The New York Times is launching an ebook publishing program with the e-singles startup Byliner, and will also publish curated article selections called “TimesFiles” with publishing platform Vook. The new partnerships mark the paper’s first real foray into ebook publishing.
Through the partnership with Byliner, the NYT “will co-publish up to a dozen New York Times/Byliner Originals in the next year featuring narratives in areas in which The Times has reporting expertise including culture, sports, business, science and health.” They will be available for sale at Byliner, through ebook retailers and at NYTStore.com. The first is “Snow Fall: The Avalanche at Tunnel Creek” by John Branch, which expands on an article that will run in the newspaper on Monday, December 17. The e-single will cost $2.99. Upcoming e-singles will be written by the NYT’s Washington bureau chief David Leonhardt and “Common Sense” columnist James B. Stewart.
Through the partnership with Vook, the New York Times will publish “TimesFiles” — “curated selections of articles” from the paper’s archives “assembled into compelling narratives about a particular topic or event.” 25 of them will be available on December 17 through Kindle, Nook, the iBookstore and NYTStore.com. They start at $1.99 and include “The Rise of Apple” (left), “The Fall of the Berlin Wall” and “The Life and Films of John Hughes.”
Byliner and Vook have both had a busy few weeks. Byliner announced Wednesday that Ingram will distribute its books in print. It also recently launched an experimental subscription program and a partnership with Esquire. Vook, meanwhile, has launched partnerships with Newsweek/Daily Beast and the Wall Street Journal .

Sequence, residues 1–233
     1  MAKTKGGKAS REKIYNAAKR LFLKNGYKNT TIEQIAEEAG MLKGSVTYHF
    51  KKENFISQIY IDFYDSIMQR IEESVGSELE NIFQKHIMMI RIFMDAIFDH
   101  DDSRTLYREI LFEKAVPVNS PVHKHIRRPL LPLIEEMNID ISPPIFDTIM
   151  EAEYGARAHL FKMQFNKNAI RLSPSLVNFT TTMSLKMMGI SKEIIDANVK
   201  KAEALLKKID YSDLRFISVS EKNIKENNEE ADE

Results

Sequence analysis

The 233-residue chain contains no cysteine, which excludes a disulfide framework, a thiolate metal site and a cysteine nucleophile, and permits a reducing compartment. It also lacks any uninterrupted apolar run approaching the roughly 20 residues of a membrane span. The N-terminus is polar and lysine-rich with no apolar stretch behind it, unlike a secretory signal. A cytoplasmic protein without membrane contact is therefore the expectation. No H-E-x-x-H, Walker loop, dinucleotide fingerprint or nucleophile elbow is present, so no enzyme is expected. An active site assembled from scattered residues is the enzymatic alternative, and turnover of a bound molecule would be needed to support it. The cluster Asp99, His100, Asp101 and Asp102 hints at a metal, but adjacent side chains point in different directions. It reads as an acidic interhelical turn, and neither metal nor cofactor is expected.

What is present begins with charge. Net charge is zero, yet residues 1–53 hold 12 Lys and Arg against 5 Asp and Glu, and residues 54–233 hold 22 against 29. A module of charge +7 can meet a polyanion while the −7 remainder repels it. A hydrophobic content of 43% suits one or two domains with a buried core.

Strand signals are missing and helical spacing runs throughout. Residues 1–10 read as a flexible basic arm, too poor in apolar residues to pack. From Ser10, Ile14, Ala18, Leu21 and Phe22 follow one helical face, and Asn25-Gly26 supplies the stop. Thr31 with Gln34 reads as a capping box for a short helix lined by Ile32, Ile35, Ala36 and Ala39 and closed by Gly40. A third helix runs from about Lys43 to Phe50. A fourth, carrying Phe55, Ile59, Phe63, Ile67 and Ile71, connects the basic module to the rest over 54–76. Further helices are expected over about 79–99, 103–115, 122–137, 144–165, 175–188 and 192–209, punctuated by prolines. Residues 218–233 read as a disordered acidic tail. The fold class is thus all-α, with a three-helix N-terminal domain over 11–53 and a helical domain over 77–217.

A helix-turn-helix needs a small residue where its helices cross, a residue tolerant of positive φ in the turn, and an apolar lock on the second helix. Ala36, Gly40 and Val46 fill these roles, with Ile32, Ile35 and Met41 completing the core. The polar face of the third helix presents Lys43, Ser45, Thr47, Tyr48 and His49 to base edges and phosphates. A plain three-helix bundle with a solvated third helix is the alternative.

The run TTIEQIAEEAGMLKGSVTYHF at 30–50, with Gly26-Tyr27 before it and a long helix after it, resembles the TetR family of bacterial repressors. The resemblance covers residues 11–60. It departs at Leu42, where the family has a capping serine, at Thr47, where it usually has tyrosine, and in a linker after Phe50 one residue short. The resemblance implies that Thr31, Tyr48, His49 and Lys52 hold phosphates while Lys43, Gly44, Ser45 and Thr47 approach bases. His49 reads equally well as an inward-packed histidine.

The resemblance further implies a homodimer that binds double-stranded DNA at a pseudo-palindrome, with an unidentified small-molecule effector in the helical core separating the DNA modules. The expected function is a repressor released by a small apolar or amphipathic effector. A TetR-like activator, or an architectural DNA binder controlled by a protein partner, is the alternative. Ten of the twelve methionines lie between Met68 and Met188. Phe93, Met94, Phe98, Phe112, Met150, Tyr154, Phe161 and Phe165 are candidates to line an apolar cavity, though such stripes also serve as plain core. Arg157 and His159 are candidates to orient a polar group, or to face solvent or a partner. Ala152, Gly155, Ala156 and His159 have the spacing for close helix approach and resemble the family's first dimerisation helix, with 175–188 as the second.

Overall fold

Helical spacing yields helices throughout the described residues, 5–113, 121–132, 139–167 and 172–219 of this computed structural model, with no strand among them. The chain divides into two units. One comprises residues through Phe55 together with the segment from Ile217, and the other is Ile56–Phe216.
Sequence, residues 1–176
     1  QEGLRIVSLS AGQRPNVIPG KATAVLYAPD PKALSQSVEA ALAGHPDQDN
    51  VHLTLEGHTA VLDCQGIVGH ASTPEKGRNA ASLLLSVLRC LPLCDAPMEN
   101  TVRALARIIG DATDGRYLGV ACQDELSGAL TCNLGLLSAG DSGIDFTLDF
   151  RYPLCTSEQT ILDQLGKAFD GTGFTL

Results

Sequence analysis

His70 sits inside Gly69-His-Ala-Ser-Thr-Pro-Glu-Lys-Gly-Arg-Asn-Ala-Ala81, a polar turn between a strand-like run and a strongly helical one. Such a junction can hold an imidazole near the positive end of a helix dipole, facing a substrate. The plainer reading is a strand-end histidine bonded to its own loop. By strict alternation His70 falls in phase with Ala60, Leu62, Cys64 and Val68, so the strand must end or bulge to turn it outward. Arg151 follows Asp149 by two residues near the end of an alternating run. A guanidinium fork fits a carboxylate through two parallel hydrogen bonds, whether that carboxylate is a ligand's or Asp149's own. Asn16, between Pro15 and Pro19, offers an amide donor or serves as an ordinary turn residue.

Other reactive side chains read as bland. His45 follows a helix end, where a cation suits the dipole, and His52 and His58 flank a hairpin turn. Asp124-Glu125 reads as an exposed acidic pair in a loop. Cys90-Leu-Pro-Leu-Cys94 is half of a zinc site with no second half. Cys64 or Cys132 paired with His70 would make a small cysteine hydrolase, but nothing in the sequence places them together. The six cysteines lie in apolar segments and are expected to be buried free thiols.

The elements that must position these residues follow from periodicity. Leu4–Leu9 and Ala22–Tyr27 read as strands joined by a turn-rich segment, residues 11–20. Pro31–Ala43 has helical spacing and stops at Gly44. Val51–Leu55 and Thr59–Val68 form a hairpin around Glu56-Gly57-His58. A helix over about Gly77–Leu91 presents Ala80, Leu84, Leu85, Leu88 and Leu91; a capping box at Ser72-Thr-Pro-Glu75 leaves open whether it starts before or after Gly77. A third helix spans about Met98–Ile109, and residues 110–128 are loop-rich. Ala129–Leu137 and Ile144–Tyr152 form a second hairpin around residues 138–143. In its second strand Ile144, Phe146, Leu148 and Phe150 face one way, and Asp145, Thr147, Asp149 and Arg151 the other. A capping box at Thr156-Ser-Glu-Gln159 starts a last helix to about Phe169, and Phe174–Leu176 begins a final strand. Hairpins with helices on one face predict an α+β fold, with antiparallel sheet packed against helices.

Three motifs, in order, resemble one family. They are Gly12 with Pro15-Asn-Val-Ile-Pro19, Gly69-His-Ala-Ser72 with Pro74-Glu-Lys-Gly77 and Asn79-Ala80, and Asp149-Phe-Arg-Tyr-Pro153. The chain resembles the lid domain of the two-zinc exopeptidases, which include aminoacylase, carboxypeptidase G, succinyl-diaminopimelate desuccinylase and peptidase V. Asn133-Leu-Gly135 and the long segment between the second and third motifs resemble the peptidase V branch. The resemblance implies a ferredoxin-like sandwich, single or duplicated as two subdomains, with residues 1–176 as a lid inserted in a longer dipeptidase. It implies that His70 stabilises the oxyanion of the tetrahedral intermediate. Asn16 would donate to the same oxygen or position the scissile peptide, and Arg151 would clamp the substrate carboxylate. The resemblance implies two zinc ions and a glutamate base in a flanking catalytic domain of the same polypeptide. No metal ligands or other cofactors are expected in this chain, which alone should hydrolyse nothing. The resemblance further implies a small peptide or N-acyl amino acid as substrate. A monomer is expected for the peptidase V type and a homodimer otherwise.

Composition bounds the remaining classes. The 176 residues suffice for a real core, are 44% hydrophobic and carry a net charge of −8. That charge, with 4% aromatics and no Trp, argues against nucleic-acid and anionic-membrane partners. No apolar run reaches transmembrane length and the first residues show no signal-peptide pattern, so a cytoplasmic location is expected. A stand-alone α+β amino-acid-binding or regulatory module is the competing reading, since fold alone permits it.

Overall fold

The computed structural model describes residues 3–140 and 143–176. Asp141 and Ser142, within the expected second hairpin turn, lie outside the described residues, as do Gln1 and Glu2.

While many other newspapers have started publishing original ebooks — including the Washington Post (through a partnership with Diversion Books), the Boston Globe and, as of Monday, USA Today, the NYT has been slower. This year, though, e-singles focused on longform journalism like the ones that the NYT will publish with Byliner have begun hitting the NYT’s own ebook bestseller list. In August, for example, the Minneapolis Star Tribune published “In the Footsteps of Little Crow,” a narrative of the U.S.-Dakota War of 1862, and it hit #13 on the NYT’s ebook nonfiction list. And a couple of Byliner titles, including “Lifeboat No. 8″ by Elizabeth Kaye “After Friday Night Lights” by Buzz Bissinger, also made the ebook nonfiction list at the same time in April, at spots #1 and #3. As the format has become more popular, the NYT has clearly decided that the time is right to enter the market.